Renault Megane Monaco | Shed of the Week

As you might expect, Shed has a man cave. As you might not expect, it’s an actual cave that he hacked out of the railway line embankment that runs behind his workshop. Well, he needed somewhere to hide didn’t he. There might have been some structural weakening of the embankment as a result of his excavations, but the bowing of the rails when a two-carriage Country Crawler rattles past on its twice-weekly trip past Shed’s village isn’t anywhere near as bad now as it was when the heavy old steam engines and Deltic diesels were pounding up and down the line.

Speaking of which, the village postmistress donated a purple velor sofa to Shed for use in his cave, where it is gradually acquiring two knee-shaped indentations. For the sake of balance we should mention at this point that Mrs. Shed also has a man cave. For more on that you’ll have to go to the darknet version of PH on you-p-head.com.

Which finally brings us to this week’s Shed, a visually interesting Renault MΓ©gane Monaco. Before you rip this car a new one with your incisive keyboardery, be aware that the 1990s were a good decade for the MΓ©gane. There’s sporting heritage here, sort of. The Maxi MΓ©gane was a serious F2 rally car that served many a privateer well into the 2000s. Shed challenges you to find another sentence that has well well in it like that (apart from ‘well well, said the constable’).

As you can see, this is a 2000 example of the 1999-on facelift (or some would say second-generation) MΓ©gane. Shed isn’t sure if the 16-valve K4J 1.6 engine made it into the Coupe. He thinks it did, even though the relaxed 89hp being claimed for it in the ad sounds more appropriate for an 8-valver. As ever Shed is ready to be put right on this, as he is on so many other things in his life. Not everyone liked the front-end restyle, but the gen-two/facelift MΓ©gane Coupe was a comfortable and easy-driving car. Oddly, the Coupe was a two-door rather than a three-door hatch but the boot was pretty small, and you’d have a job finding anyone daft enough to sit in the cramped rear compartment for more than ten minutes anyway, so you weren’t missing much there.

Okay, so let’s deal with the look. Shed is convinced he’s squinting at a purple car here, but the MOT certificate insists that it’s brown. A bevvied-up mole has better eyesight than Shed, so he’ll concede this point but what he is sure about is the strangely lovely farmyard-brown hue of the plumptious-looking leather seating. He really hopes he’s right about the purple bodywork because in his head he hasn’t moved on from the time when purple and brown were a highly acceptable, nay fashionable, color combination for the gentleman about town. Shed’s Sunday best remains a purple Crimplene suit which he pairs up with tan brogues. It doesn’t sound like a good mix to those of us living in the real world until you take a walk at this Monaco. Admit it: somehow, even taking into account the not-quite-matching color of the leather wheel, it manages to convey a nice feeling of ritzy luxury.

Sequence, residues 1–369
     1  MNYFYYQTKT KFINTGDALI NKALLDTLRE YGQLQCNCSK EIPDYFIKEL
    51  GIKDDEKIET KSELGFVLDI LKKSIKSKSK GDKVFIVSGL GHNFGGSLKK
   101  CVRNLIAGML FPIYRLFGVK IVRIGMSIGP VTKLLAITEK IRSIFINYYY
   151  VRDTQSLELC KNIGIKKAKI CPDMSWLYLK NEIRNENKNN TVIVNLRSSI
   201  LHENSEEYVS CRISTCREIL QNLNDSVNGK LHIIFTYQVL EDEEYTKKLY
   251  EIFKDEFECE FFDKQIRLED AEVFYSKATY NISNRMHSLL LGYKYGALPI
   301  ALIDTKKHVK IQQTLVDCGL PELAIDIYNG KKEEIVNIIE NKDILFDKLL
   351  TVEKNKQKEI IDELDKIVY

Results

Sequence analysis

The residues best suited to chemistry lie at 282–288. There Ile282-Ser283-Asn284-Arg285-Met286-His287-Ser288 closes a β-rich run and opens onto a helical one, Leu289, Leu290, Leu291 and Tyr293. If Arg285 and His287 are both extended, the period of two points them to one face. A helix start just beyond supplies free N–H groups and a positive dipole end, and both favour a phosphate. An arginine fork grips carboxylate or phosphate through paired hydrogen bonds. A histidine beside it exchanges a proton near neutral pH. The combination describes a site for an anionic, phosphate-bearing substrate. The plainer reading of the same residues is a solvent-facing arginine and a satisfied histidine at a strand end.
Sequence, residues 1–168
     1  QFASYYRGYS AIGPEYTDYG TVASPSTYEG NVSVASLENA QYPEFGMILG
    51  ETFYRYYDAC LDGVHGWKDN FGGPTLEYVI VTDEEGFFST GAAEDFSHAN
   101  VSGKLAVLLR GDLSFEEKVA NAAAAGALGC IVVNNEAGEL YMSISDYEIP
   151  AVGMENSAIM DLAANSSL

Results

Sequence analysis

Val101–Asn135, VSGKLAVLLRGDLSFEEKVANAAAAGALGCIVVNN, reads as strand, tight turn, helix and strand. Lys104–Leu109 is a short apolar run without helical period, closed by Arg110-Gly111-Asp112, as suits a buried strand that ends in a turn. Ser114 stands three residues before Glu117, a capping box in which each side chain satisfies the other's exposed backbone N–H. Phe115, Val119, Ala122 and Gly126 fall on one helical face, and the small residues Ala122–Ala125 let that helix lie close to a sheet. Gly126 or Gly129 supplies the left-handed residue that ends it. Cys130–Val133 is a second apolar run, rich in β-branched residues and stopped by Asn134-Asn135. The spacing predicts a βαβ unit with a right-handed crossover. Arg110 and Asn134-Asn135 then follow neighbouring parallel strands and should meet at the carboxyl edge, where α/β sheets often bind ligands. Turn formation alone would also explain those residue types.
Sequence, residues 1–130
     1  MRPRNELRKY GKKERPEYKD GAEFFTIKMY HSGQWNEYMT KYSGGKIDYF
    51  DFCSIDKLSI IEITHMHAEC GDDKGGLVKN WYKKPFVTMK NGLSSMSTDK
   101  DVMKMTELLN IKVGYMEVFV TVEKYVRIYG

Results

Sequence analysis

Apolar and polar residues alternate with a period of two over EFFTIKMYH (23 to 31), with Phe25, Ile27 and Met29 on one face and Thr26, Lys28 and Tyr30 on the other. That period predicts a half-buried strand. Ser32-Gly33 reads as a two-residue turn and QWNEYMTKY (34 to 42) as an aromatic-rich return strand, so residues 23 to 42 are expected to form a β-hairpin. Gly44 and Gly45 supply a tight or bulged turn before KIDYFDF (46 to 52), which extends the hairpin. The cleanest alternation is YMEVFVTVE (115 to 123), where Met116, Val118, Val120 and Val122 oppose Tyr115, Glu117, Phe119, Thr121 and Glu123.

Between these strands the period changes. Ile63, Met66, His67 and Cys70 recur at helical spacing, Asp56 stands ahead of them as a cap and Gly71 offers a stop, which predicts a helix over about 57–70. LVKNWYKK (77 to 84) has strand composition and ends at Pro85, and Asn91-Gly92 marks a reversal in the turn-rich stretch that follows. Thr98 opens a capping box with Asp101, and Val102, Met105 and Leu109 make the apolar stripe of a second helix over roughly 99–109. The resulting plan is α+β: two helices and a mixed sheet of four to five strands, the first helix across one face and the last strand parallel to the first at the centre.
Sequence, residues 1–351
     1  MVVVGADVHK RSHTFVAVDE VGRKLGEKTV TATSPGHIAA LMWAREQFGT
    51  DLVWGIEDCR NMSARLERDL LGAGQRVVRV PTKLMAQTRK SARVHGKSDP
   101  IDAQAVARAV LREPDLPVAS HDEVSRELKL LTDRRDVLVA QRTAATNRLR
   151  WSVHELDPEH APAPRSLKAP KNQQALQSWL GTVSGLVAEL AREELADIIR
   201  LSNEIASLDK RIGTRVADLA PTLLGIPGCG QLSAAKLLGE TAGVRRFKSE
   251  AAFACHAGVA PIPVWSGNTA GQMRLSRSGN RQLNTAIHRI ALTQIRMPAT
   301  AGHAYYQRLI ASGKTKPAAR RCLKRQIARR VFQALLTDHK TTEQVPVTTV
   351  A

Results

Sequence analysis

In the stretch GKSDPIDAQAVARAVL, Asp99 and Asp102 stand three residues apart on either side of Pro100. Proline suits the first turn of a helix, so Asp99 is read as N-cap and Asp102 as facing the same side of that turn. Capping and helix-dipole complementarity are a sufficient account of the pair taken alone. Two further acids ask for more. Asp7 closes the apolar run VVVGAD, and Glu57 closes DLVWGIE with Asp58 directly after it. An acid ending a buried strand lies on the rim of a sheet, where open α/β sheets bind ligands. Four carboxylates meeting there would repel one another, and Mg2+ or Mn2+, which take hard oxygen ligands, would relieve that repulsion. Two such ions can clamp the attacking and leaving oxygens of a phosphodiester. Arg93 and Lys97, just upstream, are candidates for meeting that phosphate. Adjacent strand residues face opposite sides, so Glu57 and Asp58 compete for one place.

The important part of the MOT history is that it has been largely clean since 2006, when the then six-year-old Renault had done fewer than 10,000 miles. Between then and 2017 his outings amounted to about a thousand miles a year. There was a 26,000-mile spurt between 2017 and 2021, with 5,000 or more accumulated in the year up to May ’22. The car now stands at 49,000 and comes with another clean ticket to next May.

There are some extra badges on this car which suggest that at least one of the previous owners had a sense of humor. On the back we have ‘Superleggera’, which you might have thought was more commonly associated with expensive custom Italian coachwork. The literal meaning of superleggera is of course ‘superlight’, a joke you could understand if it referred to weight loss through rust, but there’s no sign of that either now or anywhere in the MOT history. There’s also a Gordini sticker on the back, in a suitably art deco-ish font. Shed doesn’t mind that because it reflects Renault’s shameful period of badge-engineering when the only Gordini part was the badge, and even that wouldn’t have come from the Gordini works.

Finally, on the nearside front we have a ‘Tis But A Scratch’ sticker. Shed’s thinking of buying a box of these, not just to help sell some of the scabbier motors that pass through his hands but also to stick on his forehead after Mrs. Shed has dealt out more frontier justice with the soup ladle.

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